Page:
The anti-enlightenment of the culture industry is the theme of Adorno's piece 'Culture industry Reconsidered'. In it he differentiates between the terms culture industry and mass culture, taking away the unconscious dream within the word mass. He goes on to define the culture industry as self sustaining and self serving beyond commodity and unflinchingly powerful over the masses.

This essay also references Benjamin's essay 'The Work of Art in the Age of Mechanical Reproduction' in its discussion of film and its abandonment of the elevated individual and the aura. Both pieces however fail to foresee film becoming the culture industry reaffirming vehicle that it is today. Devolved into a tool of multiple senses and seemingly limitless time constraints, capable of offering false transcendence at every turn.

The Horheimer and Adorno piece here adds to the context of the term culture industry, highlighting especially the roll of advertising and way in which its expectation tempers its seemingly explicit goals. Advertising does not need to sell anything, it just needs to remind us that it is there, and for the bourgeois that pay its exorbitant fees it acts as waybill, pass code.

and then...
Marinetti's The Futurist Manifesto replacing "myth and the mystic cult of the ideal" with another myth and an ideal of abandonment and zest. Reaching for a future and brushing aside the past while standing on nothing but a now built of aggression and speed. Naivety as both the goal and condition....for the pursuit of yet another myth.

Adorno and Benjamin (and Horkheimer if you're keeping count)

General impressions and points that run throughout the texts
Art in the Age….. & The Culture Industry  linked

The main thing I noticed about these readings were how they were greatly intertwined. Benjamin's Art in the Age of Mechanical Reproducibility is to me a laying of the ground that Adorno and Horkheimer roam around on. Benjamin touches on the fact that the film and photography, other mechanical reproduction as well are opening up a space for the public to become critic. That common citizen can be an extra in a film. The difference between public and author is about to lose its basic character.

Throughout this text Benjamin remains objective but in The Culture Industry: Enlightenment as Mass Deception Adorno and Horkheimer paint a bleak picture. By the way what a title!

They basically say that well the Culture Industry has us beat to the punch at every turn. They have "eeevvvery thiing youuu Neeed yessir!" and if they don't have it yet they will have it as soon as its available. Furthermore at what ever level one is at it is considered by the Industry. This notion chimes back to the blurring of the line between public and author.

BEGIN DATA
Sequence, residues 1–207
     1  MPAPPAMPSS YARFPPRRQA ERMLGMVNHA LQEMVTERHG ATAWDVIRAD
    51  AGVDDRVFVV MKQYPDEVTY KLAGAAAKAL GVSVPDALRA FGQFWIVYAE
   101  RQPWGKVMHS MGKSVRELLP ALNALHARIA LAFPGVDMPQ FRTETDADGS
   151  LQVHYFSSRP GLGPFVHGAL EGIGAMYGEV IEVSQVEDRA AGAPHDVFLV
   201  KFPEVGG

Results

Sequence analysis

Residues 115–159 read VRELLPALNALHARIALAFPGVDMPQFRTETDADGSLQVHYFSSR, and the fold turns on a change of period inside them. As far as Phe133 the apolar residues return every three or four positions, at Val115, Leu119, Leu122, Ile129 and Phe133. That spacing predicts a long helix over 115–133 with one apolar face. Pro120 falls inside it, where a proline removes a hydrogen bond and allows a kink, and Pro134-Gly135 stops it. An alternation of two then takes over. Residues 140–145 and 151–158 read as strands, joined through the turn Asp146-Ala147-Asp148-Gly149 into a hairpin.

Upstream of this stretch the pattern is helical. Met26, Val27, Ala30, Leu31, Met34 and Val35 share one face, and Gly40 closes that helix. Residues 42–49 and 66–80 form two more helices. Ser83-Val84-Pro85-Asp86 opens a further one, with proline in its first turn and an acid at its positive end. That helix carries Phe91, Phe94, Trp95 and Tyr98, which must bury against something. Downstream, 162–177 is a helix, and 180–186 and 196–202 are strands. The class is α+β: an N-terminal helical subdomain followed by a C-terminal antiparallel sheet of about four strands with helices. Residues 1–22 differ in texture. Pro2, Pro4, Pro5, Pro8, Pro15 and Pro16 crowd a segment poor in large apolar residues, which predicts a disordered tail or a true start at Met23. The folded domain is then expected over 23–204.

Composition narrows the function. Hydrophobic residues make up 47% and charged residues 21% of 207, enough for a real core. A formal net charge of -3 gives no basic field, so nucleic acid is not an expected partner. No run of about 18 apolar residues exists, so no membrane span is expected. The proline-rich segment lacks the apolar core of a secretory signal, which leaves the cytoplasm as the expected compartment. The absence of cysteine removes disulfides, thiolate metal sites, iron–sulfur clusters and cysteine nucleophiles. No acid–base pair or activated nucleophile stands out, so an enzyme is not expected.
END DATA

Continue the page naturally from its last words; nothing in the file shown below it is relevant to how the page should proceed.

Benjamin gets the ball rolling on this in IV of Art in the Age saying " the instant the criterion of authenticity ceases to be applicable to artistic production, the total function of art is reversed. Instead of being based on ritual, it begins to be based on another practice - politics." 

Again Adorno get's even more bleak. "Dissidence as business strategy is still part of business." Read into this that one cannot truly be dissident - it is rather well planned originality. Does the commodification of Punk Rock and Grunge come to mind here? 

In my notes I have a point here that links to last week's play. Adorno and Horkheimer say that "the ruled always took the morality imposed upon them more seriously than the rulers themselves, the deceived masses are today captivated by the myth of success even more than the successful are." Sound's familiar in that the lower classed characters would not break etiquette meanwhile their decadent hosts did nothing but trample on proper etiquette.

There is so much to talk about but I noticed one other thing in The Culture Industry,
the notion that the western world had arrived at a popular lexicon. A way of speaking influenced by the Culture Industry rather than that which evolved in the organic way we saw earlier with our plays - the dandys and their eye for fashions and customs - now to navigate one must adhere to Culture Industry norms and the Culture Industry is ready to package any new developments. Thus is worthwhile to pay attention, otherwise you just don't exist. I am thinking specifically of how most Americans under the age of 30 use the Valley Girl phrase, "like, I was like this" etc. 

Culture Industry Revisited

Or read It Gets Worse. He points out that Intellectuals have taken to ironic toleration of the Culture Industry.  TV shows, films off the rack, pocket novels are accepted as harmless fulfillment of democratic demand even though it is a stimulated demand.

Prescribed fun- prescription for fun- prescription fun

The world wants to be deceived, has become truer than had ever been intended.

Say it ain't so Adorno!

It is no coincidence that cynical American film producers are heard to say that their pictures must take into consideration the level of eleven-year-olds. In doing so they would very much like to make adults into eleven-year-olds.

It is only deep unconscious mistrust, the last residue of the difference between art and empirical reality in the spiritual make-up of the masses explains why they have not, to a person, long since perceived and accepted the world as it is constructed for them by the culture industry. 

The total effect of the culture industry is one of anti-enlightenment

Ok on to Adorno vs Benjamin and vice versa